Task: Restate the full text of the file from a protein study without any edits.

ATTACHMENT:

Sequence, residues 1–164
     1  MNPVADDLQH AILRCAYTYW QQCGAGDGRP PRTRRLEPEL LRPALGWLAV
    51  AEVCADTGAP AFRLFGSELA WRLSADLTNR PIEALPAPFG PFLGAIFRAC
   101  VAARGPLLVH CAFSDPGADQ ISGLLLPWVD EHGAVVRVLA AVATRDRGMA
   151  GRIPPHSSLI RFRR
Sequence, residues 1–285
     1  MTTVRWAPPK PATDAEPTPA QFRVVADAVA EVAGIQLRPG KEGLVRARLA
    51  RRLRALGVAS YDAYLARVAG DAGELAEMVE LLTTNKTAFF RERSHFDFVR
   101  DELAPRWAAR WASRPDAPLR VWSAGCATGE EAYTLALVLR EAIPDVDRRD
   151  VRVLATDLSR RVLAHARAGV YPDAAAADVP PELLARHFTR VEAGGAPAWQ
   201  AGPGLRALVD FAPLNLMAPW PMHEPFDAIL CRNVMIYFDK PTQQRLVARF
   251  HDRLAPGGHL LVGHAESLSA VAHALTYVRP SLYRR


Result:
Sequence, residues 1–164
     1  MNPVADDLQH AILRCAYTYW QQCGAGDGRP PRTRRLEPEL LRPALGWLAV
    51  AEVCADTGAP AFRLFGSELA WRLSADLTNR PIEALPAPFG PFLGAIFRAC
   101  VAARGPLLVH CAFSDPGADQ ISGLLLPWVD EHGAVVRVLA AVATRDRGMA
   151  GRIPPHSSLI RFRR
Sequence, residues 1–285
     1  MTTVRWAPPK PATDAEPTPA QFRVVADAVA EVAGIQLRPG KEGLVRARLA
    51  RRLRALGVAS YDAYLARVAG DAGELAEMVE LLTTNKTAFF RERSHFDFVR
   101  DELAPRWAAR WASRPDAPLR VWSAGCATGE EAYTLALVLR EAIPDVDRRD
   151  VRVLATDLSR RVLAHARAGV YPDAAAADVP PELLARHFTR VEAGGAPAWQ
   201  AGPGLRALVD FAPLNLMAPW PMHEPFDAIL CRNVMIYFDK PTQQRLVARF
   251  HDRLAPGGHL LVGHAESLSA VAHALTYVRP SLYRR